I’m a cafe person, and hardly a day goes by without paying a visit to one of my hangouts of choice. Usually, the process of deciding which cafe to head to is quite simple: I know my favourites, and I am well-acquainted with their dynamics, their menu, their baristas. I do happen to have conditioned myself to work in public spaces, where the cacophony of conversations and crockery, and the smell of coffee being brewed have this magical property of making me focus. I’m a sort of pavlovian dog, specialty coffee being my trigger.
From time to time, however, this exploratory gene urges me to try somewhere new. So I hop on my bike on a quest to find the perfect location to work on the computer at, or just read my book, in a relatively quiet, cosy atmosphere. To be completely honest, if I divert from my usual places, chances are I am going to end up unsatisfied. Whether I find it too loud, the coffee not that great, or there’s no proper place to sit. I have gotten picky, and the crowdier it is, the more that characteristic tends to manifest. For the record: on the weekends all the good places in Amsterdam are packed. I usually write in the mornings and avoid busy hours, but it might be that I have this article I really need to finish.
Ana cycles thus, in hunting mode, passes by different cafes, stops in none, cycles forward, risks that new one they say it is pleasant (guess what, I was not the only one who heard the rumor), grows impatient, and worst case scenario: it will be raining as hell, and she gets completely soaked in the meanwhile. Like today, for instance. Reaching this stage, the solution appears bright and shiny upon me: reverting to one my ‘shelters’, where however busy it might be, trustworthy coffee, kind people, and sweet local atmosphere, always rescue me back to a state of contentment. This is the ground on which I get work done. All these places deserve a blog post of their own, which will eventually happen ( I already wrote about Rum Baba and Koffie ende Koeck). For now, here is the short list of my all-time favourite cafes in Amsterdam, where I spend more time than it is socially acceptable, and from where most of this blog came to life.
Coffee Bru at the Beukenplein (east) was the place which got me introduced to specialty coffee. I used to live in the area, and I developed a serious crush on it. The baristas on the photo were the friendliest I had ever come across, and totally demystified the prejudice I had against whatever would resemble a ‘hip cafe’. Bru’s atmosphere is super bright and cosy, they have newspapers and magazines, sweet music, the best banana bread ever invented, they work with their own brand of coffee, and – super important – take a look at this table. It just asks you to go work there.
You can’t talk about specialty coffee in Amsterdam without mentioning Toki. When I moved to the Westerpark I dreaded not having Coffee Bru at the corner, until I found Toki right in the Haarlemmerbuurt (city-centre). At the time, the owner worked behind the counter every single day, and his heart-warming smile was what kept me coming back. Before I knew it, I was addicted. They work with Bonanza beans (Berlin), and their cappuccino is simply the best I have ever tasted. The environment is perfect for working. Toki also became a hype on social media due to its minimalistic picture perfect interior – a well-deserved attention if you ask me.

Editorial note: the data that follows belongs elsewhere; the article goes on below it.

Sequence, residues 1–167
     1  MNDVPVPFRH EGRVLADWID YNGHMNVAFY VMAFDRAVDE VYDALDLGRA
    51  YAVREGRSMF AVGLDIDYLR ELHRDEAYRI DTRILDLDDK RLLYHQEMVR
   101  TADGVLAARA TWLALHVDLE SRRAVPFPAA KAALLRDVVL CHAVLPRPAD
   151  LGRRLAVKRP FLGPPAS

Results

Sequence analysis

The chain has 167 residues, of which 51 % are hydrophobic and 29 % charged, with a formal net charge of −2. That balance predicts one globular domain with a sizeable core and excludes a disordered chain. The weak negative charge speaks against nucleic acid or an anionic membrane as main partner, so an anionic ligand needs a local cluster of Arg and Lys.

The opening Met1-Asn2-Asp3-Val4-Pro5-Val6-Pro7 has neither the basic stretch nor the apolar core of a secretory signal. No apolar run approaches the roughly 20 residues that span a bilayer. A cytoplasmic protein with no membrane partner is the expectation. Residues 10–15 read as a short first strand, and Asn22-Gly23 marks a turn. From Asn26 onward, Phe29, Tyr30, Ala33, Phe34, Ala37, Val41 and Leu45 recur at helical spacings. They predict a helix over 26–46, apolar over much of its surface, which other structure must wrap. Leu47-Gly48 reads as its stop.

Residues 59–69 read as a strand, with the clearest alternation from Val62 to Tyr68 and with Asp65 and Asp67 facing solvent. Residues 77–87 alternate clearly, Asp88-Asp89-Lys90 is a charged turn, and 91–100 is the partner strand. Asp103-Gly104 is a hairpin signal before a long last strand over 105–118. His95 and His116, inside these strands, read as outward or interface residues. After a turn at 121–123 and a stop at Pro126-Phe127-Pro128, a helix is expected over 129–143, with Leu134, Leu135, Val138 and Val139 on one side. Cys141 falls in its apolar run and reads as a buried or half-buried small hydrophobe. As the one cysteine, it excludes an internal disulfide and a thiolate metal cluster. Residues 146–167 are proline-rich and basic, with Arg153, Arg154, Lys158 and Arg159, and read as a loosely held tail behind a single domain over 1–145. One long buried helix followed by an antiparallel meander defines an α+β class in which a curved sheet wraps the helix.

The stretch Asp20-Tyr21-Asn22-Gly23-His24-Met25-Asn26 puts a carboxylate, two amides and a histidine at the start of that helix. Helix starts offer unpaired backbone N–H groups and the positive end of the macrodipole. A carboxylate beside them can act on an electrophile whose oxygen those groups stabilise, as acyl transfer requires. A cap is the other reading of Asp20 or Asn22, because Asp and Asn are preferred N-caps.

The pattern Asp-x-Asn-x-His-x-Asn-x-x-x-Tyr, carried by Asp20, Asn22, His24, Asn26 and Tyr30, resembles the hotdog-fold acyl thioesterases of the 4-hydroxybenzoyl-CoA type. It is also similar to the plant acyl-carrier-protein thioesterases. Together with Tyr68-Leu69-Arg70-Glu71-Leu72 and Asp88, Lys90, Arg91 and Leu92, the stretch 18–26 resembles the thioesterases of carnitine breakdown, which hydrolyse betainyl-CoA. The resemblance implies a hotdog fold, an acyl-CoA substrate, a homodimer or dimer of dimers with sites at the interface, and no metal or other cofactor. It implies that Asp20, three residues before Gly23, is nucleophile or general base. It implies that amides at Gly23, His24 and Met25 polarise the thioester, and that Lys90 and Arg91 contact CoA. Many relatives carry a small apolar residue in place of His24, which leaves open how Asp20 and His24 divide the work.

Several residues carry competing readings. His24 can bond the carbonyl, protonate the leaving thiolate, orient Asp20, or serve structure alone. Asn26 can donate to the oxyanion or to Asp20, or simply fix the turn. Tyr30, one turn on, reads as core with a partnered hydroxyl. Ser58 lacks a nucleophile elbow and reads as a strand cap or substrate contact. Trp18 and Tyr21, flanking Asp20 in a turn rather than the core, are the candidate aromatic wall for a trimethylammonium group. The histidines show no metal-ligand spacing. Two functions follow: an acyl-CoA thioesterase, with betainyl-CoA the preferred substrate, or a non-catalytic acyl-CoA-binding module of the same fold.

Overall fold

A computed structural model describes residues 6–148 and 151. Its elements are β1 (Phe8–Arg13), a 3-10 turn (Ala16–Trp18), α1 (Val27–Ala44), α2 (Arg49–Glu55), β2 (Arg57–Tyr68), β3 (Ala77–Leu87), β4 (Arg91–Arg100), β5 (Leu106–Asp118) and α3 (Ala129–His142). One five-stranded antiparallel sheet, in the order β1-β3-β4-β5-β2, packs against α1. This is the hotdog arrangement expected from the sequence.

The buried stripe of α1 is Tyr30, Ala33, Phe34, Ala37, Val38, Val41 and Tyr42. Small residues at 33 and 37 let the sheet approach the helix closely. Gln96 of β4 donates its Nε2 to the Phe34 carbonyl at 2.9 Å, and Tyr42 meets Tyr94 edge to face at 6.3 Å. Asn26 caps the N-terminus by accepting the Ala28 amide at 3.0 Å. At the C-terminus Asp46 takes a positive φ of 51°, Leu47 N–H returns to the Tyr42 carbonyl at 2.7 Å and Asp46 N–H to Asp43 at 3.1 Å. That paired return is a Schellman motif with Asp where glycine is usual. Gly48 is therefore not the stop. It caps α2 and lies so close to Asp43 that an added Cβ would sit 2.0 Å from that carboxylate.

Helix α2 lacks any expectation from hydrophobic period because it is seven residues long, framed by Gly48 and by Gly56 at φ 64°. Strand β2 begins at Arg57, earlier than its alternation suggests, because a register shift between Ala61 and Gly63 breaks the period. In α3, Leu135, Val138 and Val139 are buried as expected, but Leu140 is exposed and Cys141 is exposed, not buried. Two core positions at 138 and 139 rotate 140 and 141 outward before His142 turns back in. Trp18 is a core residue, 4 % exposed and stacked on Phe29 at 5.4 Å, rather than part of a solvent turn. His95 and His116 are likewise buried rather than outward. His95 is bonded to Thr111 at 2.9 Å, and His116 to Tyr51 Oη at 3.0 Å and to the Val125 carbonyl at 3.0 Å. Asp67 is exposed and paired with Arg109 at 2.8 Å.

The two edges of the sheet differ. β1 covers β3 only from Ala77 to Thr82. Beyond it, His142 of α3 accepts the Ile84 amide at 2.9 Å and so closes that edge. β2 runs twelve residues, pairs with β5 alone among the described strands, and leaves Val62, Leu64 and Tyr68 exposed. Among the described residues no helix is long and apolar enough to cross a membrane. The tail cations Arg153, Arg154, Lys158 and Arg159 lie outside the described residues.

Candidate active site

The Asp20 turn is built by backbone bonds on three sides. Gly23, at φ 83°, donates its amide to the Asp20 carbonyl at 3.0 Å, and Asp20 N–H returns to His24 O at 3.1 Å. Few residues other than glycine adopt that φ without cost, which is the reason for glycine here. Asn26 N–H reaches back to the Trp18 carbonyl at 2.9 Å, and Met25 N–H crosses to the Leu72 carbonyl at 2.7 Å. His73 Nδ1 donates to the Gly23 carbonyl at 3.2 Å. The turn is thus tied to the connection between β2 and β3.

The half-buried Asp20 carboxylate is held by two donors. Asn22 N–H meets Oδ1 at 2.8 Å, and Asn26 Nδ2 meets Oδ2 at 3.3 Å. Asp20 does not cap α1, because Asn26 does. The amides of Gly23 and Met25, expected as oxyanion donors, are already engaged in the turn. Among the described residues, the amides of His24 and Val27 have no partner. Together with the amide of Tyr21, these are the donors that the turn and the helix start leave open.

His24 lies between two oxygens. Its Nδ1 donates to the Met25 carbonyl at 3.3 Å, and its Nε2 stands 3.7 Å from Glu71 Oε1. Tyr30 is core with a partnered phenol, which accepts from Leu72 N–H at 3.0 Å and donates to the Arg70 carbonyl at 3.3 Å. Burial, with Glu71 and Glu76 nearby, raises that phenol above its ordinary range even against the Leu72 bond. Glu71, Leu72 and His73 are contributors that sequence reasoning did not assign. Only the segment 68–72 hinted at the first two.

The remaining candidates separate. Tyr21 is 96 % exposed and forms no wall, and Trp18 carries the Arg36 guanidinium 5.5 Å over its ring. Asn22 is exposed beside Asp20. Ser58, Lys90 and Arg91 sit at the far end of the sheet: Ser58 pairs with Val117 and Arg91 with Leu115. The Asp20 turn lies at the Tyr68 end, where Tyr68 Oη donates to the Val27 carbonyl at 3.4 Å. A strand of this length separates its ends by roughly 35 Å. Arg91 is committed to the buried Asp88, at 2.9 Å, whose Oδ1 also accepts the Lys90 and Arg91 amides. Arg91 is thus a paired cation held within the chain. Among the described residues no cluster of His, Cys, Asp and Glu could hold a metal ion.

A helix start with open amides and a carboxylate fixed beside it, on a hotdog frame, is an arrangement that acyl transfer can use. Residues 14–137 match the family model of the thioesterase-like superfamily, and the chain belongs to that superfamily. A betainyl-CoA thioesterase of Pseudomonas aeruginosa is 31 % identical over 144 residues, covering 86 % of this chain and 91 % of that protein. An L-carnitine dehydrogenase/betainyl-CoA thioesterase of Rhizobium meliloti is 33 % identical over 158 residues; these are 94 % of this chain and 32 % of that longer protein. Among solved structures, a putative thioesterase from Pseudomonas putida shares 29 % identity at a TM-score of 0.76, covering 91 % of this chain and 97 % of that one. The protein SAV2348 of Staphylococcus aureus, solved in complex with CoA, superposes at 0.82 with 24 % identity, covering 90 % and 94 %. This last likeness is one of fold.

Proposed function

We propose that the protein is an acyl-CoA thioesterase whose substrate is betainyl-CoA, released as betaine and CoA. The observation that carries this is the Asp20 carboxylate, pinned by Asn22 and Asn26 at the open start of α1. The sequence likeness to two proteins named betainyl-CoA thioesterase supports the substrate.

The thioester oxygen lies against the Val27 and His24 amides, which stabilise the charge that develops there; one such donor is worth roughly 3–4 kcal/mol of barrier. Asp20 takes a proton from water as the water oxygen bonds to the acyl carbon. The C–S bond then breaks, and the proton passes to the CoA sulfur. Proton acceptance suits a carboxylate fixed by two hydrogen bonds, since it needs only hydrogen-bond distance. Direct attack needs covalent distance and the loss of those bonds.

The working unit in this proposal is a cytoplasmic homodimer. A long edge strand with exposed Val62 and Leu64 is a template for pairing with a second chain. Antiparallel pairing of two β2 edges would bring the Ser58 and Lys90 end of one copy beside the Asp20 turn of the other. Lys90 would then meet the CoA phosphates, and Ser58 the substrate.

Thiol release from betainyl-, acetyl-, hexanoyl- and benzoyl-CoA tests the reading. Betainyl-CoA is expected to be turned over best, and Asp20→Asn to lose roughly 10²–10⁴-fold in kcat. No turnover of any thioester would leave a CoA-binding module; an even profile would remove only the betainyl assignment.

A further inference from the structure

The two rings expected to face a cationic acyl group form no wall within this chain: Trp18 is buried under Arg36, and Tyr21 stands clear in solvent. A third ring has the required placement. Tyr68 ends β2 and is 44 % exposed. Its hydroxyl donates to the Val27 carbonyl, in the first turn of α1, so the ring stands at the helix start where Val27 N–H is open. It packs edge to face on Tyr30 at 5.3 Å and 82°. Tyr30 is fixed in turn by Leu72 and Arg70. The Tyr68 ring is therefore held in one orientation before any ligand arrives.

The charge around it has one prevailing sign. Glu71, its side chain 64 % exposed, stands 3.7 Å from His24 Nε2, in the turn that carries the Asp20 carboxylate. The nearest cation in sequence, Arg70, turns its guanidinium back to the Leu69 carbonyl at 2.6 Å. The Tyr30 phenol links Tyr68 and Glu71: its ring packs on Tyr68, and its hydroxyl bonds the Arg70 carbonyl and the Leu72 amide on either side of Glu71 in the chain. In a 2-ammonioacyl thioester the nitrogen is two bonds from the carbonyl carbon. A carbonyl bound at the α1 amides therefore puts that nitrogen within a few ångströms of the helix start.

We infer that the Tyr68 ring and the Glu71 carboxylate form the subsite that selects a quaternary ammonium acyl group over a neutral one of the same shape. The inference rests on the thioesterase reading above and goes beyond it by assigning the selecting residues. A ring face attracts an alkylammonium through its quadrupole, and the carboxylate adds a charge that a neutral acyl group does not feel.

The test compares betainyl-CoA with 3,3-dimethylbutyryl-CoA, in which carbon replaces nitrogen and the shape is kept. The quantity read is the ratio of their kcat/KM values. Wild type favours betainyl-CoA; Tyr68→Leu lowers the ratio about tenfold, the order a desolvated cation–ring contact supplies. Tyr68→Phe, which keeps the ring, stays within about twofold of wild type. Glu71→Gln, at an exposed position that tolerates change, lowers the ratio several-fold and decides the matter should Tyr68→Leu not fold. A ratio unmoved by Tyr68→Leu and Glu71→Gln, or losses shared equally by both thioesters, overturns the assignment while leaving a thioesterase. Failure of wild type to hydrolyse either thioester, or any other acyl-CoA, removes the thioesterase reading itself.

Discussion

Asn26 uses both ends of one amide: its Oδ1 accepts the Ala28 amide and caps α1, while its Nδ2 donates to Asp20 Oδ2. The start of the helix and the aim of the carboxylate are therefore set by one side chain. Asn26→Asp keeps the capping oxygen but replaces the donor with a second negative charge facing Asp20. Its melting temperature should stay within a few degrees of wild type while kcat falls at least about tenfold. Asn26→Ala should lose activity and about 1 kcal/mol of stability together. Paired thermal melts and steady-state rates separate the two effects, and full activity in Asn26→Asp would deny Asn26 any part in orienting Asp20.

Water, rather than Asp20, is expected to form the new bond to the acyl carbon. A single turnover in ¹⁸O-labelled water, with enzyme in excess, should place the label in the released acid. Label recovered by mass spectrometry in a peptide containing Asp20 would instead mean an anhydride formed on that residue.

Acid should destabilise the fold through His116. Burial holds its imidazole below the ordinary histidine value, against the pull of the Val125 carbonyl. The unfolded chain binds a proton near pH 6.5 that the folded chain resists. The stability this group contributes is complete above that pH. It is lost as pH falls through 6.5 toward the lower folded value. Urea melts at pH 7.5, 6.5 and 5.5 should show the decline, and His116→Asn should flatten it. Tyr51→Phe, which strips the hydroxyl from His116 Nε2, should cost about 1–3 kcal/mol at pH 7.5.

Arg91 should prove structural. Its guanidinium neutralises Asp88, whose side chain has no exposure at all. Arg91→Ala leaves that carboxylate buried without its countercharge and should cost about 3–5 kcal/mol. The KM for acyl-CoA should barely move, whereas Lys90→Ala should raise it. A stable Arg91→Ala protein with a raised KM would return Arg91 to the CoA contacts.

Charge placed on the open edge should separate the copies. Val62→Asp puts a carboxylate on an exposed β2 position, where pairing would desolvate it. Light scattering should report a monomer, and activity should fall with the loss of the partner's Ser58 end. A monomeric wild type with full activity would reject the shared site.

Don’t I look like a true Cruella-de-Ville-before-coffee-kicks-in?
White Label‘s coffee is, together with Toki’s, my favourite in Amsterdam. Their beans are available in different cafes around the city, but their headquarters at the Mercatorplein neighbourhood (west) is heaven for people working behind laptops. The place is huge, the tables (which you don’t see in the pictures) are large, there are sockets everywhere, there is the smell of coffee being roasted, and their selection of music is – very often – one of the best in the city. Last but nor the least, they serve some chocolate date cookies which – simply put – are a sin.
Latei is THE neighbourhood cafe par excellence. Here you drink your coffee next to the old Amsterdammer reading the newspaper, the student preparing for their exam, the occasional tourist. The ingredients they use are organic, the bread comes from a local bakery, coffee is from Bocca, and all food is home-made (try their cheesecake!). Plus, all the paraphernalia of objects and curiosa you are surrounded with are for sale. There’s nothing minimalistic or “hotspot-like” about this place. Latei is a pearl in the heart of the touristy Zeedijk, (Nieuwmarkt side): despite its location, it couldn’t have more of a local, unpretentious feel.
I have written about Koffie ende Koeck before. Located right the on opposite side of the Westergasfabriek (Haarlemmerweg side), I couldn’t feel more at home here. Maartje is the sweetest cafe owner of the entire universe, plus there is so much love in everything she does: you can literally taste it. Everything at Koffie ende Koeck is vegan – if you never had a vegan cappuccino, you have to try (she uses Bocca coffee). From all the heavenly cakes Maartje bakes, this date cake is my ultimate pick.
To make a round story out of this, let’s fly to Rum Baba, owned by the same folks who are responsible for Coffee Bru. Same genius home-made cakes, same coffee, same wonderful interior (full of colour!), same unpretentiousness, and generally not as crowded as its sibling (maybe because of being located slightly further east, at the Pretoriusstraat). Rum Baba not only serves coffee and cake, but they roast their own beans, and bake all the goods from scratch, just a few doors down the road. I dedicated a full blog post to Rum Baba over here. It was my way of thanking for all the inspiration it lent me.
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